Binance.US Accused of Misleading Investors in Class-Action Lawsuit Over Terra

Binance.US Accused of Misleading Investors in Class-Action Lawsuit Over Terra

More than 2,000 investors are a part of the class-action lawsuit.

“Those of you waiting for the earth to become unstable – I’m afraid you will be waiting until the age of men expires.”

These confident words tweeted by Terra blockchain founder Do Kwon sought to convince crypto investors to put their trust (and money) into terraUSD (UST), a stablecoin that Kwon promised would always stay priced at exactly $1. Unfortunately, Kwon’s confidence was not enough to save UST and the rest of the Terra as his entire project dropped to zero.

Now, over 2,000 Terra investors say false marketing is what caused them to lose their money.

In a class-action lawsuit filed Monday in The United States District Court for the Northern District of California, cryptocurrency exchange Binance.US has been accused of misleading investors surrounding the Terra blockchain ecosystem.

The suit marks the first major U.S.-based court filing relating to Terra, whose UST and LUNC tokens wiped out around $40 billion in investor funds when they crashed to pennies last month.

Along with seasoned big-money backers like Hashed and Jump Crypto, the Terra collapse drained the wallets of thousands of unsuspecting retail investors. In the days following Terra’s decline, its largest Reddit forum was filled with accounts of suicides (and above them, extensive resources on how those struggling could find help).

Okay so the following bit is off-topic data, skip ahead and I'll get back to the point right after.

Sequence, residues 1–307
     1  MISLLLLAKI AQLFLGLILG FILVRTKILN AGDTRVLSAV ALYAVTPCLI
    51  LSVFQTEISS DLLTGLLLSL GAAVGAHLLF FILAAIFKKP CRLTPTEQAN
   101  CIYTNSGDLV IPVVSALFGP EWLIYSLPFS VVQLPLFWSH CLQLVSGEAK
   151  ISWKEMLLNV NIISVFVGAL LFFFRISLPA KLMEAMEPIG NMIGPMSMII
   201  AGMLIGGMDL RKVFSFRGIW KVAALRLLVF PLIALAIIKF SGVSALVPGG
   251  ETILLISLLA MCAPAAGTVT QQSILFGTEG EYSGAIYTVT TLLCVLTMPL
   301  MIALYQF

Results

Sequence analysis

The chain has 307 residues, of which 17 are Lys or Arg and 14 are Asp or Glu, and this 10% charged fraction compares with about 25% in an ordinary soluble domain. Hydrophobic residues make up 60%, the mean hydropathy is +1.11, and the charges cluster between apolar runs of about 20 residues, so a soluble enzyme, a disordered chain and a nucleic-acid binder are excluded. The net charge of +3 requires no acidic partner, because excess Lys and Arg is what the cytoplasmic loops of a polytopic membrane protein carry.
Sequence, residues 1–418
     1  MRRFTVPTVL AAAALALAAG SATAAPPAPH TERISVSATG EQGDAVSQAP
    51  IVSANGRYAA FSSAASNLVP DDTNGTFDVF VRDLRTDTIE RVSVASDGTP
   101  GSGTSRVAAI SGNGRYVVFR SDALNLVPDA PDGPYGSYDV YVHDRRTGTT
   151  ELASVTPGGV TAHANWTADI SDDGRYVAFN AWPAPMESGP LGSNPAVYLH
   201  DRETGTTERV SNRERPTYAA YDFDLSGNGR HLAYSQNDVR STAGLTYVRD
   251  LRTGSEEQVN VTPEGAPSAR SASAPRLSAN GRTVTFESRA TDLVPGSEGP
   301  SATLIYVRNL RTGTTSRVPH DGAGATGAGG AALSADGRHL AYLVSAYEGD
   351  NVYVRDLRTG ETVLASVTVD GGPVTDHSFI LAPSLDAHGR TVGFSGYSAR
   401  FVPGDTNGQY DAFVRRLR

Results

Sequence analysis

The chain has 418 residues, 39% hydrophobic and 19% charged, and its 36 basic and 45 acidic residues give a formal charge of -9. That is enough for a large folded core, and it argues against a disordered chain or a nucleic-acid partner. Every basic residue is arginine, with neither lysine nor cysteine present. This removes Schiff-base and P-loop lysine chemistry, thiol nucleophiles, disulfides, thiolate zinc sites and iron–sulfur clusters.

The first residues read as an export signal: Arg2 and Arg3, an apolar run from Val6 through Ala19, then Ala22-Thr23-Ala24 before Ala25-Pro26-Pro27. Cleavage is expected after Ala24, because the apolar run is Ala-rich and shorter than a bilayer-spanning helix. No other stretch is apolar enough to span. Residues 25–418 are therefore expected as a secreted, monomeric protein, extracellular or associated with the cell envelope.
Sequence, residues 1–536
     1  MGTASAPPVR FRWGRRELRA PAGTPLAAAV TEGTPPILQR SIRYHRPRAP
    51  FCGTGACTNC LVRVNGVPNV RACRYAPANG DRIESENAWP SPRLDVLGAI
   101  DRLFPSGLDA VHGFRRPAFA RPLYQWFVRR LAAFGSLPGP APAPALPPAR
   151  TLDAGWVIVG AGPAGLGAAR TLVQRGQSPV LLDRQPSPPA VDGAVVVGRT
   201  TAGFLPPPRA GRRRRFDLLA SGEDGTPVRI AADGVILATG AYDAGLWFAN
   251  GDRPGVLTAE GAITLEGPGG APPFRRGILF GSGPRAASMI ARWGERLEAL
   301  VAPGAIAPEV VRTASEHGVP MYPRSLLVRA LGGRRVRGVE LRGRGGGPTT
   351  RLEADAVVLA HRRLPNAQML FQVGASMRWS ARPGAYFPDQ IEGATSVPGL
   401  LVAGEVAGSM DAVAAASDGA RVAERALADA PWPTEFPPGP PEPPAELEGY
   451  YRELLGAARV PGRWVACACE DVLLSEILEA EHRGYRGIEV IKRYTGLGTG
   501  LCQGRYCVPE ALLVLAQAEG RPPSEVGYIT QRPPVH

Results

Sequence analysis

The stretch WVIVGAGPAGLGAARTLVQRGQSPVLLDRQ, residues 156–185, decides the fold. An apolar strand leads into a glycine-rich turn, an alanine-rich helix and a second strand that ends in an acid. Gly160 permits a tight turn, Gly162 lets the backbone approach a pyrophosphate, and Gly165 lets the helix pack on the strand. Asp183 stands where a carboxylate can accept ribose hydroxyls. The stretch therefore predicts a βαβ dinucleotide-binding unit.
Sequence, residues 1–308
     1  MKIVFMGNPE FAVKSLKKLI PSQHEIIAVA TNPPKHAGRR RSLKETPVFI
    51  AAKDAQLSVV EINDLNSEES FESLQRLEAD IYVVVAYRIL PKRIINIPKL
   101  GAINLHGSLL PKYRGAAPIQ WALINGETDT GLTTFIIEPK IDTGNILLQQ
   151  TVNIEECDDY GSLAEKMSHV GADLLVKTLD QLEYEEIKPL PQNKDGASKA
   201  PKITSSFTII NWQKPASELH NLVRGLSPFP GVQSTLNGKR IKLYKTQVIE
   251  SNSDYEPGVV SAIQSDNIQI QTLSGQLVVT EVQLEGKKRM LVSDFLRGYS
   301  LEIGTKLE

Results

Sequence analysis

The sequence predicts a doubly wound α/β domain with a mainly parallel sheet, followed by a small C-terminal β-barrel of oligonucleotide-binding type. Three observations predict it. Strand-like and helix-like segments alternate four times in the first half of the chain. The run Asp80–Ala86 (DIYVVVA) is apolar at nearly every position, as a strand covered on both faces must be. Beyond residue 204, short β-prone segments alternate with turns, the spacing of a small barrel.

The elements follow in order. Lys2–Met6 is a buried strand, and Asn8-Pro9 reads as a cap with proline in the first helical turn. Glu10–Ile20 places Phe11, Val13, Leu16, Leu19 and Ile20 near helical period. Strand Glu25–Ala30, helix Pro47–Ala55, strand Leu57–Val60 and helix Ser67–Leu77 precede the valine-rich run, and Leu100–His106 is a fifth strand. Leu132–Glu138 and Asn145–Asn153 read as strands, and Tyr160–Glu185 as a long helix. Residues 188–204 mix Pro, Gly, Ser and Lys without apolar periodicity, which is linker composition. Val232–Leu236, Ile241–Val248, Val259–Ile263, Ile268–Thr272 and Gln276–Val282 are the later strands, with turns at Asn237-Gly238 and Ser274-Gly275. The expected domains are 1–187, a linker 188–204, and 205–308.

The suit, which was filled by U.S.-based law firm Roche Freedman LLP, alleges that Binance.US marketed Terra’s dollar-based UST as more stable than it actually was. According to the suit, when UST and its sister token luna classic (LUNC) crashed to zero in May, thousands of unsuspecting retail investors were caught completely off guard. Misleading advertising is what the suit says is to blame for those losses.

The lawsuit also alleges that Binance.US is not registered as a broker-deal or an exchange, which may be in violation of securities law after it listed what might be an unregistered security in UST.

The suit is also aimed at Binance.US CEO Brian Shroder.

In a statement provided to CoinDesk, Kyle Roche, one of Roche Freedman’s founding partners said “Binance U.S. recklessly listed and promoted UST as a ‘safe’ stablecoin to those seeking to avoid the volatility of other cryptocurrencies. They, as well as other exchanges that listed UST, should be held accountable.”

Binance.US disputes the allegations made in the lawsuit. “Binance.US is registered by FinCEN and adheres to all applicable regulations. These assertions are without merit and we will defend ourselves vigorously,” the company said in a statement to CoinDesk.

While a successful suit would send chills down the spines of some decentralized finance (DeFi) founders and centralized exchange CEOs, it would embolden DeFi advocates who think decentralized tools for participating in crypto finance – rather than centralized exchanges – are necessary to avoid government censorship and burdensome regulations moving forward.

The Terra crash

Along with seasoned big-money backers like Hashed and Jump Crypto, the Terra collapse drained the wallets of thousands of unsuspecting retail investors. In the days following Terra’s decline, its largest Reddit forum was filled with accounts of suicides (and above them, extensive resources on how those struggling could find help).